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"cobb"

  1. Ayesha of the Bosphorus: A Romance of Constantinople, by Stanwood Cobb (1915). A novella combining fiction with scenes from the lives of Abdu'l-Baha and the Baha'is in Haifa in the early 1900s. Includes introduction by Bei Dawud. Fiction. [about]
  2. Character: A Sequence in Spiritual Psychology, by Stanwood Cobb (1938). A spiritual autobiography; scientific and religious foundations for character; self-development; the law of duty; altruism and selflessness; progress. Includes discussion of two days spent with Abdu'l-Baha in 1908. Books. [about]
  3. Difficulties of the Young Turk Party, The, by Stanwood Cobb, in The North American Review, 195:674 (1912). Reflections on the character and political fortunes of the Young Turks, written shortly before the partitioning of Ottoman empire. Essays and short articles. [about]
  4. Essential Mysticism, The, by Stanwood Cobb (1918). Clarification of some of the spiritual problems of humanity; the real value of Oriental mysticism; the mystery of the soul of man in terms not of psychology but of daily life; the value of spirituality in daily life. Books. [about]
  5. Homoculture: Principles of Baha'i Education, by Stanwood Cobb, in World Order, 1:1 (1935). With its teachings of universal civilization the Baha'i Faith contains a wealth of directions regarding pedagogy, and exerts a revolutionary effect upon cultural and spiritual education. Published Articles. [about]
  6. In His Presence: Visits to 'Abdu'l-Bahá, by Roy Wilhelm and Stanwood Cobb (1989). Re-publication of Wilhelm's Knock and It Shall Be Opened Unto You (1908), Cobb's Memories of 'Abdu'l-Baha (1962), and Coy's A Week in 'Abdu'l-Baha's Home (1921). Text missing quotation marks. Books. [about]
  7. Islamic Contributions to Civilization, by Stanwood Cobb (1963). Overview of the many inventions and sciences which were developed by or transmitted by Islamic people and nations. Books. [about]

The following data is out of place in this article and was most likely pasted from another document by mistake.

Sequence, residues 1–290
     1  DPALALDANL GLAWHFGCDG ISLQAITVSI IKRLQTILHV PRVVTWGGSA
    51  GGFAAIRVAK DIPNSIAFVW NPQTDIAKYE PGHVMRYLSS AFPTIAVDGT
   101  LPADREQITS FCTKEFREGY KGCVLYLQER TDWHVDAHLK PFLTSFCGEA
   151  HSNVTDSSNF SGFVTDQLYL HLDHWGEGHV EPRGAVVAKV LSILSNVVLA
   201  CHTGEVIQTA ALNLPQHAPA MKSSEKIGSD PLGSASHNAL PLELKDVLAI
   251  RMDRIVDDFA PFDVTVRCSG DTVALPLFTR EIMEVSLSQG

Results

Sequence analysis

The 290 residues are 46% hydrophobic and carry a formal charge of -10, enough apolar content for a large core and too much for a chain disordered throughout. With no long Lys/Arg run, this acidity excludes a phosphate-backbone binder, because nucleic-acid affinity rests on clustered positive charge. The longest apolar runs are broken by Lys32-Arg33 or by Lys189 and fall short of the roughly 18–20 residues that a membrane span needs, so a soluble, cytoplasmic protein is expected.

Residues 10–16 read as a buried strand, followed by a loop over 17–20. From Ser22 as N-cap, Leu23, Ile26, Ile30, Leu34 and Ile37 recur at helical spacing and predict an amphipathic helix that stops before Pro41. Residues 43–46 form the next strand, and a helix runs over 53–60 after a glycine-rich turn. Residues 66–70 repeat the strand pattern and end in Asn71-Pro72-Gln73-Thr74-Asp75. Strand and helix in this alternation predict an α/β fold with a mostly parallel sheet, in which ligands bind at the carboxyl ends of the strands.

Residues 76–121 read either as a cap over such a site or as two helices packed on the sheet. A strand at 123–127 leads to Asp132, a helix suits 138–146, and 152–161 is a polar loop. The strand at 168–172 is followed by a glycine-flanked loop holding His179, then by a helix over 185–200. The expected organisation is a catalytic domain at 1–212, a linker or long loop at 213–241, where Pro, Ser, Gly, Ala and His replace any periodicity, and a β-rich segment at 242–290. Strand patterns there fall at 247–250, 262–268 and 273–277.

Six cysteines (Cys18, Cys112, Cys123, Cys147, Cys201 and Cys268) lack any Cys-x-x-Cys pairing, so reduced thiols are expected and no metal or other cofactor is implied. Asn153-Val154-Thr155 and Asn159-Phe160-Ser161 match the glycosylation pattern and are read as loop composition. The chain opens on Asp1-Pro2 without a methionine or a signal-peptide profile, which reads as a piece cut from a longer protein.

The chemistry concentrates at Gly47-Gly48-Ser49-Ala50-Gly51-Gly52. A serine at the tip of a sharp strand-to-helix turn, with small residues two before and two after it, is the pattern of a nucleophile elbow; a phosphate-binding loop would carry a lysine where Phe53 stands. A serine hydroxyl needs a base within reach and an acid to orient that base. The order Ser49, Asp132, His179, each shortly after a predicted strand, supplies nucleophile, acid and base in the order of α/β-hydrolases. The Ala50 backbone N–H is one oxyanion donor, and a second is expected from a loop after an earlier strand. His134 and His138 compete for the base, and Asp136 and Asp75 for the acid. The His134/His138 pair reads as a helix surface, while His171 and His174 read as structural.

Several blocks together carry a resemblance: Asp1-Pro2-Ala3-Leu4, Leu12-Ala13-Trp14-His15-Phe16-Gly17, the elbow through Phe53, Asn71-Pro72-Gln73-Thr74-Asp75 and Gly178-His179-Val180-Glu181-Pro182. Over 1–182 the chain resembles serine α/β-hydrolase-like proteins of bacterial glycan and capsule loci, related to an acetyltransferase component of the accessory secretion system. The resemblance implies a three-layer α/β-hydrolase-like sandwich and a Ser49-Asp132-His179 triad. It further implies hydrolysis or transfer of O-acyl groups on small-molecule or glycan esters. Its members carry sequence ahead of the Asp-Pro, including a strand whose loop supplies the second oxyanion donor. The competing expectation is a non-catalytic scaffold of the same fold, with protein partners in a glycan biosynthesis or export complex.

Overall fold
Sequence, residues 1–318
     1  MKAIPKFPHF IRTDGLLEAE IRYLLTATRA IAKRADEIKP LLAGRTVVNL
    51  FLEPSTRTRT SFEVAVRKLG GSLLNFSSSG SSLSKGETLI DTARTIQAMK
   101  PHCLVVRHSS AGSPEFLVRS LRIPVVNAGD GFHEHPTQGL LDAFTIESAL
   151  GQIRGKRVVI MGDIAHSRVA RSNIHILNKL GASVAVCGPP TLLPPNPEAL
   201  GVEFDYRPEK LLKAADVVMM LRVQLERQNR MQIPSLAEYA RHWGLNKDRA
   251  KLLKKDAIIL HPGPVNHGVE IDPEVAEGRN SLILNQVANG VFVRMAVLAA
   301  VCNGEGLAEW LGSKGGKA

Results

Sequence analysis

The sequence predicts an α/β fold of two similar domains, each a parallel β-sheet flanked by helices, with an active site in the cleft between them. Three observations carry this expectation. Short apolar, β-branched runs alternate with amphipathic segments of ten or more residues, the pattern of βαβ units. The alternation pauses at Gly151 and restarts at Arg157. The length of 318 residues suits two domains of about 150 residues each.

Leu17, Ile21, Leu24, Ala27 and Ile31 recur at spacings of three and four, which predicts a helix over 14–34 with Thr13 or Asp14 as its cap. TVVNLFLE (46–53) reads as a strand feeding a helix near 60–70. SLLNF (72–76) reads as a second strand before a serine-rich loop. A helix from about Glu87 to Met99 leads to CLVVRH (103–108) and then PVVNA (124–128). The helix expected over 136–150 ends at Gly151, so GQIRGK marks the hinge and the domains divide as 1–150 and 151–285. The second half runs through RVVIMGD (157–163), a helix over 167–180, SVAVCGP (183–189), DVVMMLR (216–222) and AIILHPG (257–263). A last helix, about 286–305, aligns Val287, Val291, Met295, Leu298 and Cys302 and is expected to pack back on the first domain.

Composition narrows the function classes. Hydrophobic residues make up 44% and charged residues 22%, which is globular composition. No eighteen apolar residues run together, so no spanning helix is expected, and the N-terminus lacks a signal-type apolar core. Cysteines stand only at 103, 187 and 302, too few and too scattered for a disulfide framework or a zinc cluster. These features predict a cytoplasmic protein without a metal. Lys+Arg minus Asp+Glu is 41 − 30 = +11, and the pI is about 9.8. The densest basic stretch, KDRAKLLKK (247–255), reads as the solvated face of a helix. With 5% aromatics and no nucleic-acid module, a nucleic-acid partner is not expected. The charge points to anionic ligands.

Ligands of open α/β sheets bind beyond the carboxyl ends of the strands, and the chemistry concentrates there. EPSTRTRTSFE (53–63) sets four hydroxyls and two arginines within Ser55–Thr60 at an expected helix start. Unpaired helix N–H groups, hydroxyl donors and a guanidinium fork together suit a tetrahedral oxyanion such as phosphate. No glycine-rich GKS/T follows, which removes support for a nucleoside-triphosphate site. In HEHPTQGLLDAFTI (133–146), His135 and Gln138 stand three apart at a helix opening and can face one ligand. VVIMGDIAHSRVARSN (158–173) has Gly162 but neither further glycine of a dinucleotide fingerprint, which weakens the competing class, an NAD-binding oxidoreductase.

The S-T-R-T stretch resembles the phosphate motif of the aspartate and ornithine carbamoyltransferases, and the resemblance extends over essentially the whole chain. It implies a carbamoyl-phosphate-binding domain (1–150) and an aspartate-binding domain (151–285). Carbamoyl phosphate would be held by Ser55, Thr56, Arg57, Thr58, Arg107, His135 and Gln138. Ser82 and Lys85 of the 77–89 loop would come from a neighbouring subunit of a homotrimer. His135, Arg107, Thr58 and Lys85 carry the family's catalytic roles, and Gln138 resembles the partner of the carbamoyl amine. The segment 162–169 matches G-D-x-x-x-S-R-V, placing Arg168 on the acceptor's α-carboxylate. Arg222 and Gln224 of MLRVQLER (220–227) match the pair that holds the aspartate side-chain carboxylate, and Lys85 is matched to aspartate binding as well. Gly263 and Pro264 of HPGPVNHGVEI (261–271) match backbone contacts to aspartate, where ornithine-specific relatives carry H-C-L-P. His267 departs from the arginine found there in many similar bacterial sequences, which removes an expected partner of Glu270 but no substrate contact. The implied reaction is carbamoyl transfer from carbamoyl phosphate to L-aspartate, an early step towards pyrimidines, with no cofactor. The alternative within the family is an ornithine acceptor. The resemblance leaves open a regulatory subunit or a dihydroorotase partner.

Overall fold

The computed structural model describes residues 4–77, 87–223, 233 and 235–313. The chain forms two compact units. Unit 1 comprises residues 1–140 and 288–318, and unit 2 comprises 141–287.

8. Meaning of Life, The, by Stanwood Cobb (1932). The sole purpose of life, so far as the individual is concerned, is growth through struggle. Not to be active is to stagnate and atrophy; movement and change is the sign of life. Published Articles. [about]
  9. Memories of 'Abdu'l-Bahá, by Stanwood Cobb (1962). Pilgrims' notes. [about]
  10. New Horizons for the Child, by Stanwood Cobb (1934). Understanding the child; character training; home life; the child as an individual; limitations of activity education; children as creative and active beings; romanticism vs. classicism; builders of civilization. Includes 20 pages of childrens' poetry. Books. [about]
  11. New Leaven, The: Progressive Education and Its Effect upon the Child and Society, by Stanwood Cobb (1928). On principles of the new education; revolutionizing pedagogy and transforming the child; importance of social engagement in schools; the ages of enrollment of children and preparatory schools, from nursery-primary through secondary school to college. Books. [about]
  12. Real Turk, The, by Stanwood Cobb (1914). Reflections on three years spent in Turkey during the rise of the Young Turk Party and the downfall of Abdul Hamid; the character of the Turkish, their temperament, and their way of looking at life. Books. [about]
  13. Security for a Failing World, by Stanwood Cobb (1934). An overview of the influence of religion on the world and its relation to modern problems. Bahá'í precepts are included in the text without the work being a strictly introductory work on the Bahá'í Faith. Books. [about]
  14. Simla, a Tale of Love, by Stanwood Cobb (1919). A Hindu legend retold in poetic form: a story of love and devotion that reconciles flesh and spirit, love and life, the world and the soul. Books. [about]
  15. Tomorrow and Tomorrow, by Stanwood Cobb (1951). On worries about the future; the New World Order; solutions of economic problems; prejudice; one world language; science and religion; education. Books. [about]
  16. Unity of Nations, The, by Stanwood Cobb, in Bahá'í World, Vol. 7 (1936-1938) (1938). A look six decades into the future (from 1938) to envision the Lesser Peace. Essays and short articles. [about]
  17. What Is God?, by Stanwood Cobb (1955). Poetic meditations on the nature of God and our search for the divine, "an attempt to open up vistas into the Infinite in a way that prose could not accomplish." Books. [about]
 
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